“Cwm” (a steep-walled semicircular basin in a mountain, sometimes containing a lake; a cirque) and “crwth” (an ancient Celtic musical instrument), both from the Welsh, use w as a vowel – standing for the same sound that oo stands for in boom and booth. “Crwth” is also spelled “crowd.”
However, in words like “low” and “bow,” one can make a good case that the letter w represents a vowel. Both of these words end with one or another of the diphthongs of modern English. In each case, the second part of the diphthong is represented by w.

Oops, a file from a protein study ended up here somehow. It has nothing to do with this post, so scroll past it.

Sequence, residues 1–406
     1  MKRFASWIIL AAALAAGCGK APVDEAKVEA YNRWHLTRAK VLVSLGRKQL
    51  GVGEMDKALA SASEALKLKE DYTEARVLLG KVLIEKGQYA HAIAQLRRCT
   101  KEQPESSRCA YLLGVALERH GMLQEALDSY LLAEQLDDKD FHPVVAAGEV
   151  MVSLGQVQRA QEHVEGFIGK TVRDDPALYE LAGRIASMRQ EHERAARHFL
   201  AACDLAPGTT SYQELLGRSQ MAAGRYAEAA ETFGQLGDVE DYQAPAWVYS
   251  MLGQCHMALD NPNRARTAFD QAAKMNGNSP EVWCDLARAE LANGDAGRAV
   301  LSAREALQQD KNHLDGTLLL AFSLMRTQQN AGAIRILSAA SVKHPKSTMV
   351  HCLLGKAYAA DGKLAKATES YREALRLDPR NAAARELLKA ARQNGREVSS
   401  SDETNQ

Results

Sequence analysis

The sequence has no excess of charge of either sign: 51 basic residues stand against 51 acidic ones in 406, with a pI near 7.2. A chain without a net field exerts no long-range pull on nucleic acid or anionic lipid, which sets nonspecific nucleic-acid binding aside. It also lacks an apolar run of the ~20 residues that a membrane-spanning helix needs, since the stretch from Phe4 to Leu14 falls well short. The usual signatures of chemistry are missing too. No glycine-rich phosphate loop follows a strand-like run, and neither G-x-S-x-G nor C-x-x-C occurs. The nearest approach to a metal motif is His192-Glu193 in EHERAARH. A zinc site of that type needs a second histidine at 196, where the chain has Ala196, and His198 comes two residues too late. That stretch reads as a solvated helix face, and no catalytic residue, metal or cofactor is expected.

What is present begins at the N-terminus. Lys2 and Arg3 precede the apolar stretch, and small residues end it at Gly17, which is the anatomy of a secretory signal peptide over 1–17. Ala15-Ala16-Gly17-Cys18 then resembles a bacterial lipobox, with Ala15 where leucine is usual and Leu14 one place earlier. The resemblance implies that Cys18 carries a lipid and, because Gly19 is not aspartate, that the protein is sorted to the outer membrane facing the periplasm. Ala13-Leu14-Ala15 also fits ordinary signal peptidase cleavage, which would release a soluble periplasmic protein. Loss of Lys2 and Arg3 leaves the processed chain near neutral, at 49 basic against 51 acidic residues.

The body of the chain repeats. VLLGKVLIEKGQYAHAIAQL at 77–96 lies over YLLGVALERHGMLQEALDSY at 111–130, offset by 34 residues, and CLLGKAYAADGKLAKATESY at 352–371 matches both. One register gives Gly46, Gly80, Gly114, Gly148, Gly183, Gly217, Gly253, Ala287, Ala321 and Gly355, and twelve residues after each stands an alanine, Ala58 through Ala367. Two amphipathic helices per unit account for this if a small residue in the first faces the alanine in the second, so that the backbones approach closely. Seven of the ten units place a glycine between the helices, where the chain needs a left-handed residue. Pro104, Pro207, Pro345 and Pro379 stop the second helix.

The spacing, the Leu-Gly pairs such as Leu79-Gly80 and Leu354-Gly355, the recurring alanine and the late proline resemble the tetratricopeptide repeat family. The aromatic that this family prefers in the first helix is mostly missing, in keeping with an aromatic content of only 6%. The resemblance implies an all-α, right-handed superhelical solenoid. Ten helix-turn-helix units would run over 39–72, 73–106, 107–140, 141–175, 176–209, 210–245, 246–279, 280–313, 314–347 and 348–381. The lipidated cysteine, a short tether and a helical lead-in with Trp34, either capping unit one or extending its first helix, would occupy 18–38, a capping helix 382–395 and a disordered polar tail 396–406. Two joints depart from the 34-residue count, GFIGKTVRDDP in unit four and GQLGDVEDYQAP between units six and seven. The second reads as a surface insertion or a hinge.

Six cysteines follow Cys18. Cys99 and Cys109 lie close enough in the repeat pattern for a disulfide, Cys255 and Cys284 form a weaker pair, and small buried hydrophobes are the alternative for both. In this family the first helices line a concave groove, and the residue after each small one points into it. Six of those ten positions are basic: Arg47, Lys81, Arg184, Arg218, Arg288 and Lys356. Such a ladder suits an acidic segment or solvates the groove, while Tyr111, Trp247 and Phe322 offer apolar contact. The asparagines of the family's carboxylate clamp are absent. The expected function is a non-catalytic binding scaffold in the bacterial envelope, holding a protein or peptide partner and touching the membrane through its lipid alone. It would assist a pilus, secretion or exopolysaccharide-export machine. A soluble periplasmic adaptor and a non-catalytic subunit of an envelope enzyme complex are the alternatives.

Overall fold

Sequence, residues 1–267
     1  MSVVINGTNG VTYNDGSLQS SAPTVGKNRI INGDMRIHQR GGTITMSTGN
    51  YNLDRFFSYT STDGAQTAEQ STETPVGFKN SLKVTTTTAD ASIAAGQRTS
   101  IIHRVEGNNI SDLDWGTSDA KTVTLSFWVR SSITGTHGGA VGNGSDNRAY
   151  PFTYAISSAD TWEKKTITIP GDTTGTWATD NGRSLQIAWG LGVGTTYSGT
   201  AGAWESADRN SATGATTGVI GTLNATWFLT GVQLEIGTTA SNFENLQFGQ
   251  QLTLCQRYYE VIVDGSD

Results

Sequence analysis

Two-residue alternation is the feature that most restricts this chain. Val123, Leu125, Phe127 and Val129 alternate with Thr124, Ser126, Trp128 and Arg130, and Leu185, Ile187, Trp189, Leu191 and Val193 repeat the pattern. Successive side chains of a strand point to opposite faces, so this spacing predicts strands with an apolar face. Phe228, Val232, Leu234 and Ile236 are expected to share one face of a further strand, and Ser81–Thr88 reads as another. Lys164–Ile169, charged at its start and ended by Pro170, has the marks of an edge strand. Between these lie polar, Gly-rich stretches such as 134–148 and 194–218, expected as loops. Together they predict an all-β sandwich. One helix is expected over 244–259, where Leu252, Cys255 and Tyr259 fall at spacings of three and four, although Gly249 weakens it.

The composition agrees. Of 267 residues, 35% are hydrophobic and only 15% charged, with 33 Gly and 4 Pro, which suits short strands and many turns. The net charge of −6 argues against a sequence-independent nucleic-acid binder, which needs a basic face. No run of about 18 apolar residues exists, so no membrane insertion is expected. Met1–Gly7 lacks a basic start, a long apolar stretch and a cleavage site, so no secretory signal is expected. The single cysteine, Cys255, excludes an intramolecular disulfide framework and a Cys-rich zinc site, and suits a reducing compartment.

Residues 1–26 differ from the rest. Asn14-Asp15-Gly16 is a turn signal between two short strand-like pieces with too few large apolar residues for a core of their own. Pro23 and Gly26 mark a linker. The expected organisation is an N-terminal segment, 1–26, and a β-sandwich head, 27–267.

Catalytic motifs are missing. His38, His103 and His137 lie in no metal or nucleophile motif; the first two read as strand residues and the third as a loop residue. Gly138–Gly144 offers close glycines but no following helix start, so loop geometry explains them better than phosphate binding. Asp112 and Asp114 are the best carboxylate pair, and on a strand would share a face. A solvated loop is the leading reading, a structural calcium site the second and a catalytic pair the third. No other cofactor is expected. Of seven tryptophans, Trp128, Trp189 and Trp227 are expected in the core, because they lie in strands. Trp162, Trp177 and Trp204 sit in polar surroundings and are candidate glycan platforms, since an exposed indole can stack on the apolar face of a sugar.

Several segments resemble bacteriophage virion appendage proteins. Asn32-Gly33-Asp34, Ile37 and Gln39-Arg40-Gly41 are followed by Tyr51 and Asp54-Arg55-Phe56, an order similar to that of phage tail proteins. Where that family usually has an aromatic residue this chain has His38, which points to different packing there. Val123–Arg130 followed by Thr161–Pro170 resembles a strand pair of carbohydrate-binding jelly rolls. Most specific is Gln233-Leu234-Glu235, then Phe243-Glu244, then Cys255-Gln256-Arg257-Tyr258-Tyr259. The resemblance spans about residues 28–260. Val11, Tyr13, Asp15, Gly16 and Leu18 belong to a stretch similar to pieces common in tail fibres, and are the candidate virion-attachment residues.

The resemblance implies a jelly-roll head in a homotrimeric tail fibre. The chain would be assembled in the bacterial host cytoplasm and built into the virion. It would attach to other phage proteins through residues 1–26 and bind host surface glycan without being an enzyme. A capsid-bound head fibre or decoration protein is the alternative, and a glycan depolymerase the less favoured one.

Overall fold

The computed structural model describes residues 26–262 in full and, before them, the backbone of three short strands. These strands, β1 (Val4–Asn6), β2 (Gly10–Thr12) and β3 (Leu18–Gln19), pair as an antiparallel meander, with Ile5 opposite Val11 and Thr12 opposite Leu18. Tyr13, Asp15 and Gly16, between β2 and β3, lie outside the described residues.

By the way, l, m, n, and r may also sometimes represent vowels; that is, in English there are vowels that are routinely represented by these letters. They show up at the ends of the words “bottle,” “bottom,” “button,” and “butter.”